Lonesome George is a Mockingbird. He starts his song about 5 a.m., when it's just getting light. He continues trying out his entire repertoire until noon. He sings, imitates other bird calls, does a fairly good imitation of a squeaky wheelbarrow (I must get some oil on that wheel), and even does a bad, but enthusiastic, train whistle. While running through his list of greatest hits, he flings himself in the air and flaps his wings.
There is a platform bird feeder under the Gum Bumelia, and other birds congregate there to have breakfast. George never joins them - he's too busy being the Karaoke King of our yard.
When I'm going out to the barn to say good morning to the hens and let them into their outside coop, I am serenaded by George. He also serenades us while we are picking beans, dead-heading roses, and watering the new apple trees. I was mowing the back yard and I could hear George doing his thing on top of the tree - over the mower sound! George has an admirable set of lungs.
We call him Lonesome because with all his beeping, squeaking, whistling, and flinging, he has yet to attract a mate. Female Mockingbirds are either very picky, or Lonesome George just isn't considered marrying material.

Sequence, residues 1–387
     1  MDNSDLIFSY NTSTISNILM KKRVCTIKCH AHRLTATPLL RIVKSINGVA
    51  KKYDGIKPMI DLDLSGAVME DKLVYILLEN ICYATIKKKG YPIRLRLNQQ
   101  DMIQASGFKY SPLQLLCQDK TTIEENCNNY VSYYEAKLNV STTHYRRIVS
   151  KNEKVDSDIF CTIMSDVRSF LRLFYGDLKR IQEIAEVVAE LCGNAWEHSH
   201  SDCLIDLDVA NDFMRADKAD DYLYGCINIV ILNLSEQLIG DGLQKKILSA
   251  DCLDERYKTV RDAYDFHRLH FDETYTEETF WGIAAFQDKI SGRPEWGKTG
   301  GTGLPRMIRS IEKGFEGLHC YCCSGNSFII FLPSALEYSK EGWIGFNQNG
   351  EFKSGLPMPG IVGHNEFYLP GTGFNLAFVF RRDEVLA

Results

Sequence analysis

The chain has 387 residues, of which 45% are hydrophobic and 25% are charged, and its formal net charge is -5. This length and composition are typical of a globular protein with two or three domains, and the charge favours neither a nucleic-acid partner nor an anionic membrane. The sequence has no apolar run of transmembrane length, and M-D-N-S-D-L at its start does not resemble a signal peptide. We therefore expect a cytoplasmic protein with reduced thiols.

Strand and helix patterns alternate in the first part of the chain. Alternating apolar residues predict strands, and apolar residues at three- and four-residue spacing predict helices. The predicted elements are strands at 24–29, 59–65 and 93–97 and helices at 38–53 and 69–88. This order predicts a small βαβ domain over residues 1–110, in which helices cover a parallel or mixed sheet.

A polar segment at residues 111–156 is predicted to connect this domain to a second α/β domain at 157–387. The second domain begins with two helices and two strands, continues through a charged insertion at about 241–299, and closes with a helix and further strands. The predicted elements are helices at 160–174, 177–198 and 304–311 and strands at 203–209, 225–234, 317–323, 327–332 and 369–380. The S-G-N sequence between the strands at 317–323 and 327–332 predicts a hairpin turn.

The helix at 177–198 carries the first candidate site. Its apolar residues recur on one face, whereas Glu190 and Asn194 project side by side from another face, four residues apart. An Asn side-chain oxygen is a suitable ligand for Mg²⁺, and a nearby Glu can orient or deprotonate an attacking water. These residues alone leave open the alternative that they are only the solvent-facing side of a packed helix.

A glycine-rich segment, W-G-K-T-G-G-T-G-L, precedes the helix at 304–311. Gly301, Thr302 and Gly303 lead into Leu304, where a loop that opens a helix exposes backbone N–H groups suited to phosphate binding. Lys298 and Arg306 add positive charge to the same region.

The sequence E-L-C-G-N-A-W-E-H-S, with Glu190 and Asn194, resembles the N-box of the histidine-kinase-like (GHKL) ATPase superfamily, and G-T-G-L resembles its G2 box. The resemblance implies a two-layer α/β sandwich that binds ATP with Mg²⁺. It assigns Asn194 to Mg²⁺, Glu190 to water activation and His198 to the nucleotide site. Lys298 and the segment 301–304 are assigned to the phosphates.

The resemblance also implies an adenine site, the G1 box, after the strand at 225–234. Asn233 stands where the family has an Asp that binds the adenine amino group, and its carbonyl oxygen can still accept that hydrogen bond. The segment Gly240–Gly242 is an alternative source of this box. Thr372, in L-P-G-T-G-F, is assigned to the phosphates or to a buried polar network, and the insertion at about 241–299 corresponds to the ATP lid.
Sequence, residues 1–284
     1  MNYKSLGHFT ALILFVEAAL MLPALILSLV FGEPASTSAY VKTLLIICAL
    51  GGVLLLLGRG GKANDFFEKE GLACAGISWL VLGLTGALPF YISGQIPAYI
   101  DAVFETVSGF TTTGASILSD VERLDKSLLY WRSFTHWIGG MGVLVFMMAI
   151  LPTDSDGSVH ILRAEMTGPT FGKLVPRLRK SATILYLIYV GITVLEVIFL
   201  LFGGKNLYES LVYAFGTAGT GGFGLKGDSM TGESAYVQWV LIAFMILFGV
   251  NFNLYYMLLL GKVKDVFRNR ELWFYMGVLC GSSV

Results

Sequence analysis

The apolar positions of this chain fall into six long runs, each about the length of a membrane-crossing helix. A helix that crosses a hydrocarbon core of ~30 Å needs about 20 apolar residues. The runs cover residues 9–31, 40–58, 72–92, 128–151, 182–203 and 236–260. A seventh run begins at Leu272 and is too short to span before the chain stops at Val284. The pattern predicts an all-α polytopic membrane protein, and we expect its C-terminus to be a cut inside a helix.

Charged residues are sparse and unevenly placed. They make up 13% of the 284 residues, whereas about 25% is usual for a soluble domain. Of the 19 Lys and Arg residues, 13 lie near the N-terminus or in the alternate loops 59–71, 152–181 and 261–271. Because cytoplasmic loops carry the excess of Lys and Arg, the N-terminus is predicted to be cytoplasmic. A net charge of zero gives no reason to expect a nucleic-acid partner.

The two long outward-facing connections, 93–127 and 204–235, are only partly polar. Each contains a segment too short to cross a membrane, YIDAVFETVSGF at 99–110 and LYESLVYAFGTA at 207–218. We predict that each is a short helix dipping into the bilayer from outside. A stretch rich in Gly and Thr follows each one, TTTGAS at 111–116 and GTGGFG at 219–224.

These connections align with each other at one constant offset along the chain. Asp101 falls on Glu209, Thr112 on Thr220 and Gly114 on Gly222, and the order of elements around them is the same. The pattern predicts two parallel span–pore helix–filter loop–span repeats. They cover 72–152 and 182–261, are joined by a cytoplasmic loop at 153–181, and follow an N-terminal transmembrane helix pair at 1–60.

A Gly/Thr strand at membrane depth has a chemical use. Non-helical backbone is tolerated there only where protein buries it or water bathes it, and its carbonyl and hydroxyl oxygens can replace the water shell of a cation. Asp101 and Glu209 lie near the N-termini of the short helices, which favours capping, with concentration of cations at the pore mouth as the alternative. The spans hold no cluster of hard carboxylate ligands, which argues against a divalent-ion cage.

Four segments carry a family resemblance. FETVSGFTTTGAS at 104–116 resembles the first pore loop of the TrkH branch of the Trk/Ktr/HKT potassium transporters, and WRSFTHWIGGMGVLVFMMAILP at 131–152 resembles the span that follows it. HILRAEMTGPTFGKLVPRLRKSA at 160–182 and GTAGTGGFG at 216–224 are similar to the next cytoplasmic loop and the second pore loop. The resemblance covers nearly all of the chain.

We call him George because that seems like a good name for a Mockingbird. Edward just didn't fit.

Mockingbird ( photo / image / picture from marlingardener's Garden )

Last edited: Sat Jun 13, 2015 5:58 pm

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Not picking blackberries

Category: Farm Doings | Posted: Sat May 23, 2015 3:54 pm

A dear friend called earlier this week to ask if I wanted to go blackberry picking with her. She has a friend with a blackberry patch, and with all the rain we've been having, the blackberries are particularly nice. Of course I wanted to go!
We decided Friday morning was ideal-early enough before the temperature climbed, and giving us lots of time after we got home to deal with the gallons of berries we were going to pick. It rained.
We decided to go Saturday morning, early enough, lots of time to deal with the berries, you've heard this refrain before. It rained.
We were half-way there before we decided berry picking was out of the question for the day.
This is the fun part-we had such fun riding through the rain and swapping stories.
She told about attending Sunday School when she was first married. The teacher was a nice man, but terribly boring and just strung stories together, none of which were biblical. One Sunday she got so fed up she slammed her Bible shut, and in the quiet of the sanctuary it sounded like a gunshot. They changed churches shortly thereafter.